Last Stop: Minnesota 2, New York 5
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Last Stop: Minnesota 2, New York 5

Last Stop: Minnesota 2, New York 5 by Zoë Hayden

Still needing just one point to make the PWHL playoffs, Minnesota fell to New York in regulation. This was Minnesota's fifth straight loss since the international break, and the result puts their playoff fate completely out of their control.

What happened?

Minnesota came out with some pressure, but New York had the next few chances and then got the first goal with the fourth line cycling. Brooke Hobson played catch with Jaime Bourbonnais up high and Bourbonnais ripped a shot through traffic to make it 1-0 just three minutes into the frame.

New York made Minnesota's life difficult in the neutral zone but once they got into the zone it was a flurry, with Sophie Jaques and Taylor Heise roaming every part of the zone, forcing pucks in on Lindsey Post, but she made big saves through traffic.

But New York's fourth line went back onto the ice and pressured for an offensive zone faceoff, and Howie Draper took the opportunity to change during a TV timeout to get their top line on the ice. Minnesota then surrendered another goal to Ella Shelton, who rifled it through traffic, where it tipped off of Buchbinder to go down and in. It was reviewed extensively for a high stick, possibly by Jessie Eldridge, but it was called a good goal, extending the lead for the home team and putting Minnesota in desperation mode.

Late in the first, Minnesota cut the lead in half with a goal by Denisa Křížová in the paint, and it was still anybody's game.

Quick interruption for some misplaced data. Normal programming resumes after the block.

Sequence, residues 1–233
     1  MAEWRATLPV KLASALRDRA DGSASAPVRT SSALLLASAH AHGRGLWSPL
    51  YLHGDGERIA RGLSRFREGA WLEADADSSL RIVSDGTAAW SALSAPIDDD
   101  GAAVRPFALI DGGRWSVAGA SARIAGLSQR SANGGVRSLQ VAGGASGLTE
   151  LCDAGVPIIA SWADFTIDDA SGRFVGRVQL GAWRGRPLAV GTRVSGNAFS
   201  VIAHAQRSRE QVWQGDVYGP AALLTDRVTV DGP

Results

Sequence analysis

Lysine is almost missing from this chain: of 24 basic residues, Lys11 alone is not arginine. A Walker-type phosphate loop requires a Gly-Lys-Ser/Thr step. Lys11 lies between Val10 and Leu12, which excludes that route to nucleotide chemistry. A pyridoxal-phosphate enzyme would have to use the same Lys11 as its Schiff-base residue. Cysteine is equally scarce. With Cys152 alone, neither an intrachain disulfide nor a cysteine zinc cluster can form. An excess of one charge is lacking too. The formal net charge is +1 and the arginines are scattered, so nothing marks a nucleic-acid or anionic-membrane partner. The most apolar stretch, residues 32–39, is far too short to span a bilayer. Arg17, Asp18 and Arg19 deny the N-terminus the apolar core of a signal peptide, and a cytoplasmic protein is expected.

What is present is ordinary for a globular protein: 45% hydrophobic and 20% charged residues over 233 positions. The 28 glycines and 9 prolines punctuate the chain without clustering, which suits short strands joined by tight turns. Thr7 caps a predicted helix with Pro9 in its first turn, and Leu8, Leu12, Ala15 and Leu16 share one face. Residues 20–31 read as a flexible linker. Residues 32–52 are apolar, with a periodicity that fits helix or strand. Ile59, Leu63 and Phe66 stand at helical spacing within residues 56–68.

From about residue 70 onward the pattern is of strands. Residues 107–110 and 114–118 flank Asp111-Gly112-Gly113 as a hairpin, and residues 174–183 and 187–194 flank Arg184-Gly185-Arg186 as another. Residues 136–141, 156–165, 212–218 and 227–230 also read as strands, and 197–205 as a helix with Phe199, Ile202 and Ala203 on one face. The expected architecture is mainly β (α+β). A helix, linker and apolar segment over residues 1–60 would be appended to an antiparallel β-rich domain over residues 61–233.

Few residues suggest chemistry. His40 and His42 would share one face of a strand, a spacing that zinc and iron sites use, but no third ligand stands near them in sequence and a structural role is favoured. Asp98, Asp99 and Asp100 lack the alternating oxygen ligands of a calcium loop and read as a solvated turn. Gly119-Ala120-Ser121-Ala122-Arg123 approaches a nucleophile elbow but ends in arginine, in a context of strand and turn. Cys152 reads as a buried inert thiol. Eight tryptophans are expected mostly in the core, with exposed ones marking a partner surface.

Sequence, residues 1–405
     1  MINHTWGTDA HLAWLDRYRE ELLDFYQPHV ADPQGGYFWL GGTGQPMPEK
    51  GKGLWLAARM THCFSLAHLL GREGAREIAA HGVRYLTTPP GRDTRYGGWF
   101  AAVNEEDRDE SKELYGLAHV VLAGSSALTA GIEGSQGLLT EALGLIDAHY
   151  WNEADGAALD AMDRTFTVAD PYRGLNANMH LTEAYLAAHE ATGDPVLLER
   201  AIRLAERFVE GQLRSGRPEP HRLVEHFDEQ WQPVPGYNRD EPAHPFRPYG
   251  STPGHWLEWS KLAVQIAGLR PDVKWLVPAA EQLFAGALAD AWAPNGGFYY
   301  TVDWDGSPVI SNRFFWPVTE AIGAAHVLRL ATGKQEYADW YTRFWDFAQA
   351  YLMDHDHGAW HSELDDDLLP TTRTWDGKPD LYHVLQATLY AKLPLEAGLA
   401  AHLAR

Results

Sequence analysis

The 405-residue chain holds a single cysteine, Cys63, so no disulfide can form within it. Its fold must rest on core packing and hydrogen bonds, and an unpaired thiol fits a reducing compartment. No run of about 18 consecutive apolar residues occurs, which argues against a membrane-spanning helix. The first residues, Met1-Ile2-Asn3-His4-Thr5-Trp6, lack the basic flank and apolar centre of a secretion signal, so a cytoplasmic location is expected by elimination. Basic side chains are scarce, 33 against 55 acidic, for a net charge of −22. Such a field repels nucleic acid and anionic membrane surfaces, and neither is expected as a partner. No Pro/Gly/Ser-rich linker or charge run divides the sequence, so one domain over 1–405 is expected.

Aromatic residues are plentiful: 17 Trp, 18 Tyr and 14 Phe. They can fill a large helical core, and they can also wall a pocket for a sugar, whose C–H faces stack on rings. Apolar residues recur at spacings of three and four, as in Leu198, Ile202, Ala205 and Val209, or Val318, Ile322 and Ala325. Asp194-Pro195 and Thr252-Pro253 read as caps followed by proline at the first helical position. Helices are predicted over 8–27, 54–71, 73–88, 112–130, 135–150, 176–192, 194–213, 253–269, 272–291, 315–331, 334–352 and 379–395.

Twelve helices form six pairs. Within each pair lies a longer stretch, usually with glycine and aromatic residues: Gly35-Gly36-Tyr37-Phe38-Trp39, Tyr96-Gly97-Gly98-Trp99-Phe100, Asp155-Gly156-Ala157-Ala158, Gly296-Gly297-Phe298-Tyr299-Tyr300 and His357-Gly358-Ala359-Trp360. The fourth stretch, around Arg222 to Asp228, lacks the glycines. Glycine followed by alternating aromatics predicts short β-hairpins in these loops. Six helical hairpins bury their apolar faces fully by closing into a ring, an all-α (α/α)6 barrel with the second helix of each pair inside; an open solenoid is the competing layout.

In the second, Minnesota put themselves behind the eight-ball yet again by going on the penalty kill, and Bourbonnais scored her second of the game in short order to make it 3-1. Immediately afterwards, Heise and Eldridge collided in the neutral zone – a collision that sent Heise to the locker room temporarily and Eldridge to the box for 2. When Minnesota finally got the backdoor look they were hoping for, nobody was home, and New York blocked most of their shots on the way to the net.

New York pressured hard around Nicole Hensley and while they didn't score they did draw another penalty – and went up 4-1 on yet another power play goal, this time with Jade Downie-Landry hopping on a loose puck in the slot that Minnesota couldn't clear and beating Hensley clean.

The best chance of Minnesota in the second came off of Kendall Coyne Schofield harassing New York into a turnover and feeding Heise in the slot, but Post made the save.

The third period was do or die for Minneota, and they forced offense during the penalty kill this time. With Brittyn Fleming in the box, New York didn't protect the puck well while changing on the fly. Kelly Pannek pounced on the loose puck while penalty killing and took it to the net, poking at it in Post's pads. It squirted free, and Post was stuck, with Pannek pinned against her by a New York defender. Grace Zumwinkle drove into the paint to put it into the open cage for a jailbreak goal, cutting New York's lead to 4-2.

Minnesota failed to capitalize on an extended 5-on-3 opportunity, and you could sense a little blood in the water. New York went back to the advantage on a bench minor to Minnesota for too many players – and promptly made it 5-2 on a wrister by Abby Roque, fed with a perfect cross-ice pass by Eldridge.

Minnesota got a late power play opportunity with about 4 minutes to go, but they seemed hesitant to shoot and didn't generate the chances they would have needed to start putting a few more behind Post.